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Magical Murphy Masters Robertson

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Prior to the start of the tournament, Shaun Murphy told the BBC that he wanted to win the Masters tournament within the next ten years, but as it was to turn out, he only needed a week as this evening he has defeated world number one Neil Robertson 10-2 to claim the £200,000 top prize.

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At the start of the day most snooker fans were expecting a tight final between clearly the two best players at the Alexandra Palace this week, but surprisingly we were to see the most one-sided Masters final since Steve Davis’ 9-0 whitewash of Mike Hallett back in 1988.

Having played almost flawless snooker during his previous matches against Ali Carter and yesterday Ronnie O’Sullivan, Neil Robertson looked uneasy from the start today and lost all four frames before the mid-session interval, as Shaun Murphy took full advantage with breaks of 127, 76 and 64.

The fifth frame would prove to be closer, Murphy eventually taking it with a break of 43, before Robertson finally got off the mark in frame six with a run of 80 and the final two frames of the session were to be shared, leaving Murphy with a four frame lead heading into the evening.

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Perhaps the defining frame of the match though would be the first of the evening, in which Robertson looked to be in full control, but somehow failed to take his chances and eventually gifted the frame to Murphy with a poor safety on the pink. From there, the outcome looked to be inevitable and Murphy added another 127 break in the tenth frame on his way to a dominant victory.

Having listened to Shaun speak at press conferences during the past couple of years, when he is not talking about table conditions, then generally he has spoken of his desire to win the Masters event as the biggest tournament in his career that he had yet to win, and so this will be a particularly significant triumph for him.

It is a fully deserving one at that, as having earlier in the week become the first player to inflict a deciding frame defeat upon reigning world champion Mark Selby, he has since played some of his best snooker in seeing off Stephen Maguire, Mark Allen and now Robertson on his way to the title.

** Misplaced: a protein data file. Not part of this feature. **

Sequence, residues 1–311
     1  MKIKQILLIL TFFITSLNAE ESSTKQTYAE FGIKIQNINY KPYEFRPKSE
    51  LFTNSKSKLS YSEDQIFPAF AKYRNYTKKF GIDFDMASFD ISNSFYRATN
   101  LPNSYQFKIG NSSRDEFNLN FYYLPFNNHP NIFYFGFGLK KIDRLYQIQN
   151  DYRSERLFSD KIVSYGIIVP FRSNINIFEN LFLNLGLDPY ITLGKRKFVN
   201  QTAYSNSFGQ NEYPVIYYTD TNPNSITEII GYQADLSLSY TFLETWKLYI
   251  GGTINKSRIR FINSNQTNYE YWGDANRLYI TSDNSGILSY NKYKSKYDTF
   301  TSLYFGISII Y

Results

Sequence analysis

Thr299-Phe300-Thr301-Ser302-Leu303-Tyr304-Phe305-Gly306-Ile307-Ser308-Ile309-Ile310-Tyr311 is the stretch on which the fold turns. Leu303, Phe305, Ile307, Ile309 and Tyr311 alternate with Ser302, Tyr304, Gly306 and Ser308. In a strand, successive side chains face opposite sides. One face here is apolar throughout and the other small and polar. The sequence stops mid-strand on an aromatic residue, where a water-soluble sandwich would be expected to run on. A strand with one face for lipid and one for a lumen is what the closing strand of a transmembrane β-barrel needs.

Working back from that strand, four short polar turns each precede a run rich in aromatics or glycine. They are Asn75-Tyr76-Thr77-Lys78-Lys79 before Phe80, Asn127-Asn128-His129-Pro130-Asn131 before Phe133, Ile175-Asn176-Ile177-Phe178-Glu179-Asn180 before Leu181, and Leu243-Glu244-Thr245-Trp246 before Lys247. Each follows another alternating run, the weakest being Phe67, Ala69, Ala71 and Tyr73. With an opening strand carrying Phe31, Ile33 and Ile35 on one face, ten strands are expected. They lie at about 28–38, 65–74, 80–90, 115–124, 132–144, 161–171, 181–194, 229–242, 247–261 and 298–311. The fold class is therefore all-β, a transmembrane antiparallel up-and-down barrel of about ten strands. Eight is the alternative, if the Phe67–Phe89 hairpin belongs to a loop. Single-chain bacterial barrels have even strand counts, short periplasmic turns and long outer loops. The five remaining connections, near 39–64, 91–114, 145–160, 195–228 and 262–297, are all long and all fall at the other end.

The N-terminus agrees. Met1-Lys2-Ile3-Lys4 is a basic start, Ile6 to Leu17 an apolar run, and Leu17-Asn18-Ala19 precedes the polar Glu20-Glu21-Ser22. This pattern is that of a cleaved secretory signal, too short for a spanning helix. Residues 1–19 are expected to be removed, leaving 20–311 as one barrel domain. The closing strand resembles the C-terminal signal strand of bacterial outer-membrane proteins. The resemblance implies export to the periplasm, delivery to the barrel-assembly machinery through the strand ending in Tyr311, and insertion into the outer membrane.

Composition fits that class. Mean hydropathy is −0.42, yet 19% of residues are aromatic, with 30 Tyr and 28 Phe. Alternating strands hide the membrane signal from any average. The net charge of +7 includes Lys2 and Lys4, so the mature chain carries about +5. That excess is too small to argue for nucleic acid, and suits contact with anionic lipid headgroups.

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He joins a very select group of just ten players, including contemporaries Robertson and Mark Selby, in having won snooker’s three biggest events and it is a fitting achievement for a player of his exceptional talent. Stephen Hendry said in commentary earlier this week that Murphy has underachieved since his world title success in 2005, but hopefully tonight he has gone some way to righting that assessment.

As for Robertson, it was a disappointing end to what up to that point had been an excellent week. As he told the crowd after the match, for whatever reason he just could not get anything going today and you have to wonder whether it was some sort of comedown having performed so strongly against Carter and in particular O’Sullivan. Only he will know, if anyone, but overall it was his strongest event during the last six months and he will now be hoping to build up his form leading up to the World Championship in April.

It has been one of the best Masters events in recent years, with close matches, a 147 for Marco Fu and the landmark of Ronnie O’Sullivan overtaking Stephen Hendry in the all-time century break makers list, but it is one that Shaun Murphy will remember as being the event that saw him reproduce the form that saw him won three European Tour events in the last 12 months, on the big stage and cement his place amongst snooker’s all-time greats.

Snooker returns on Tuesday with the third and final event of this season’s Asian Tour. Click here for my preview…